The Ecology of Humans (15-28) Daniel Kish

 Daniel Kish

Brain structures that process visual information in sighted people process echo information in blind echolocation experts. ~ Canadian psychologist Lore Thaler et al

As an infant, American Daniel Kish had retinoblastoma: an aggressive cancer that attacks the retinas. To save his life, both eyes had been removed by the age of 13 months.

Nowadays, as a social grace, he wears prosthetic eyeballs, which get gummy and need cleaning a couple times a day.

At 2 years old, Kish naturally developed a click acoustically ideal for echolocation. The click sound waves travel at more than 300 meters per second, bounce off objects, and make their way back to the ear at the same rate.

That’s good, but hardly compares to bats, which click and hear at much higher frequencies, enabling bats to navigate their way through a crowd of thousands of other bats and nab millimeter-sized insects on the fly.

Bats can get detailed pictures of their immediate environment at incredible speed despite having a brain many times smaller than the human auditory cortex. It is an exemplary proof that the brain is only a facsimile. Mental processing is entirely an energetic exercise, with diffident physical correspondence.

Kish can tell a building 300 meters away, a tree from 9 meters, and another person from 2. He can tell the difference between a car, a pickup truck, and an SUV. Up close he can echolocate a 3-cm pipe.

Echolocation works thanks to stereo 3d ears: an ear on each side of the head and depth perception by mental processing. A noise off to one side reaches the closer ear a millisecond (1/1,000th second) sooner: enough gap for the human auditory complex to process. People can process sound a very few degrees off-center.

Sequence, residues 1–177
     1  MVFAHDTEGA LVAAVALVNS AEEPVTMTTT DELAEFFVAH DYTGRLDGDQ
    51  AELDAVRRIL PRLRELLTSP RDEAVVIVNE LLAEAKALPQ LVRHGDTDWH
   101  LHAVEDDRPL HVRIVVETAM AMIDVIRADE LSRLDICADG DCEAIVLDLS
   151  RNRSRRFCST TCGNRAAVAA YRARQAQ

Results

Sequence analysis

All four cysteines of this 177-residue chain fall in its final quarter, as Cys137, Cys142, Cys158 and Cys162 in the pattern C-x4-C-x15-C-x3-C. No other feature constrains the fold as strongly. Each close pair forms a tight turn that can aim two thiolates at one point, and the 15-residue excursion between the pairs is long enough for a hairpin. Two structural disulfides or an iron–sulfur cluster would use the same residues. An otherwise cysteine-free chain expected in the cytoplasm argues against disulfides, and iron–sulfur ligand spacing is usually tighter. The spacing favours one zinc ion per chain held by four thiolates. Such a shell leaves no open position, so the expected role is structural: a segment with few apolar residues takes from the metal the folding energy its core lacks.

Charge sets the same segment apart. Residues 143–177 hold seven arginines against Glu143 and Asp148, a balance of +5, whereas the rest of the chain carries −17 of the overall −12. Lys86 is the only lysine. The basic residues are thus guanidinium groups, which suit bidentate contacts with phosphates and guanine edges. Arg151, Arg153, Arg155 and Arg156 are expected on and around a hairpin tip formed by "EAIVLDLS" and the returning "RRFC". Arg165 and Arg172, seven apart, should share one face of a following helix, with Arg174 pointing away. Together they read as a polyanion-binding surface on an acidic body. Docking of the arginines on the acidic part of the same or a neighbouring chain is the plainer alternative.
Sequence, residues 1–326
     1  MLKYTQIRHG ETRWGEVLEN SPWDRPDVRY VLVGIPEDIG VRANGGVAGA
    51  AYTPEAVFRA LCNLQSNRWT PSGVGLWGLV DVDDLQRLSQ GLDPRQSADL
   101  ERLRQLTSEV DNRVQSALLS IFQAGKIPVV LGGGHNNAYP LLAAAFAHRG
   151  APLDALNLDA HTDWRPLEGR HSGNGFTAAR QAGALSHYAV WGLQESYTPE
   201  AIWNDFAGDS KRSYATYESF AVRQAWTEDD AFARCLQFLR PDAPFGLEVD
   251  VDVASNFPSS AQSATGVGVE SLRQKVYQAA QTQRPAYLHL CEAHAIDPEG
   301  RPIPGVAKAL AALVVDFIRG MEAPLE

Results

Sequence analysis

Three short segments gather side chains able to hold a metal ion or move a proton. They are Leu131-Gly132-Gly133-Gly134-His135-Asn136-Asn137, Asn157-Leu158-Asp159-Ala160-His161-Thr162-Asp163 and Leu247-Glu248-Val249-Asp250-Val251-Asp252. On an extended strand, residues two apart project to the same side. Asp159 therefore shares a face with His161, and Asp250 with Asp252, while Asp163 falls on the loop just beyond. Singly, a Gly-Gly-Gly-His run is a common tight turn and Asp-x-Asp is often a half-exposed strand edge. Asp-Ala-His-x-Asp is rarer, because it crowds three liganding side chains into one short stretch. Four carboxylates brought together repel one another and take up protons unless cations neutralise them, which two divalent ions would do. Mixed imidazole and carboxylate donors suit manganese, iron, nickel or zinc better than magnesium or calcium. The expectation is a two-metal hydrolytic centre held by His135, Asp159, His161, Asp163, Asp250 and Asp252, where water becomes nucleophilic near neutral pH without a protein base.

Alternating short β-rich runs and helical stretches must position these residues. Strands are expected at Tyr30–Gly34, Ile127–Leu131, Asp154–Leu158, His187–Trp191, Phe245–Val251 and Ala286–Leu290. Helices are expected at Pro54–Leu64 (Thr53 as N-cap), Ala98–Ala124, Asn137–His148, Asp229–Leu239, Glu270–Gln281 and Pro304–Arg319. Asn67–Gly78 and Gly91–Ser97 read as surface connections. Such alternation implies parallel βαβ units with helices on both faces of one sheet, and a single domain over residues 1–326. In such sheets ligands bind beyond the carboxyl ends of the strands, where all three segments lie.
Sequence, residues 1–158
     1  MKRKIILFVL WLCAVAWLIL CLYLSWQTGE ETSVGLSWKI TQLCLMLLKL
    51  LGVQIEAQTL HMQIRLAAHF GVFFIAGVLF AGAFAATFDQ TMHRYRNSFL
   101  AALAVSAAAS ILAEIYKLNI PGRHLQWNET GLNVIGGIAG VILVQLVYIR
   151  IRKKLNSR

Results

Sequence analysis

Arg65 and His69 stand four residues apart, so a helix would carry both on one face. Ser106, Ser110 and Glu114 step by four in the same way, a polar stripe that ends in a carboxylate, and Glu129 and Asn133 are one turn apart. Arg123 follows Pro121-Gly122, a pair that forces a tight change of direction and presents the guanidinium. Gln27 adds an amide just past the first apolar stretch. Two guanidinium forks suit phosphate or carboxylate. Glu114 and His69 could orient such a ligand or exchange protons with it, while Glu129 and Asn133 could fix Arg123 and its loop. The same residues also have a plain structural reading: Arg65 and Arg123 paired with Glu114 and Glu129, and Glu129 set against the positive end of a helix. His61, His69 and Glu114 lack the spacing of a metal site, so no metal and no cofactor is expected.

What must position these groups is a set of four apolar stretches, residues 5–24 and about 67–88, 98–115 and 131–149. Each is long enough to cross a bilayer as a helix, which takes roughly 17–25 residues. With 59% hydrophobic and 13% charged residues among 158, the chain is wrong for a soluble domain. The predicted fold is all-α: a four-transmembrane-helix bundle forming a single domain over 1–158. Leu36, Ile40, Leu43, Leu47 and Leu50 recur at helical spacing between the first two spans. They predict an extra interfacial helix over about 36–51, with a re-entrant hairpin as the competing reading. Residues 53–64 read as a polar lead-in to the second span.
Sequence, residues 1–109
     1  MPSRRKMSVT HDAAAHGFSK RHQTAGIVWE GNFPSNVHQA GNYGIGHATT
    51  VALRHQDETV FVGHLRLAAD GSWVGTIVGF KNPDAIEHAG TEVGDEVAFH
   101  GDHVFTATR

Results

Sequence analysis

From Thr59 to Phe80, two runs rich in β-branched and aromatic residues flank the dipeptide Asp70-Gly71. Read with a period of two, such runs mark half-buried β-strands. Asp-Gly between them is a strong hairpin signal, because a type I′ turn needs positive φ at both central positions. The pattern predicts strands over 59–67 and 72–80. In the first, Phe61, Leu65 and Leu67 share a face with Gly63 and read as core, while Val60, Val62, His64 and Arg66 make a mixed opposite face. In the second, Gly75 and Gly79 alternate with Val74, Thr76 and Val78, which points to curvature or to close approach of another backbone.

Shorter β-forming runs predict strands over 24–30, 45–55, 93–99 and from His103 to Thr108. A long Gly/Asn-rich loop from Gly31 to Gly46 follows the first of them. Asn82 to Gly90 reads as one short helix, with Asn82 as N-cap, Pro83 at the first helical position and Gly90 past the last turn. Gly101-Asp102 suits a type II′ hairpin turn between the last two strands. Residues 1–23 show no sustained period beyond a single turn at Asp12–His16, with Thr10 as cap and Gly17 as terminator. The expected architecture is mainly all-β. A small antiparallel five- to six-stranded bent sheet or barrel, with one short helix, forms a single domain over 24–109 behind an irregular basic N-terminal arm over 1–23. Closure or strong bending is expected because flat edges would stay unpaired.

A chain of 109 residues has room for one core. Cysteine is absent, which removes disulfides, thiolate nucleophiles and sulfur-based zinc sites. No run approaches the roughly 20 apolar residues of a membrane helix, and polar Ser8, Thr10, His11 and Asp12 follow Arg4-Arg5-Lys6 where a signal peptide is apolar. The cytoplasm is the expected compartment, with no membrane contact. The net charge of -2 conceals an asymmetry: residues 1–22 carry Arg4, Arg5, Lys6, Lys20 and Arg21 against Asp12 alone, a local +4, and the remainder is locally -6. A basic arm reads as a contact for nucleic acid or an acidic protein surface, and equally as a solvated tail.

Like recognizing a voice in a crowd, Kish can hear his sonic reflections amid tremendous ambient noise. A detailed picture emerges, though of course without color. Flowers sound soft, while stones echo hard and crisp.

Echolocation is not easy for humans to master. Kish, who teaches echolocation, compares it learning to play the piano: anyone can get the basics, but very few play Carnegie Hall. Only 10% quickly catch on.

The National Federation of the Blind, jealous of Kish, is the blind leading the blind. Its executive director strains to politely observe about Kish, “let’s just say he is unique.” Their way is learning how to use a long white cane.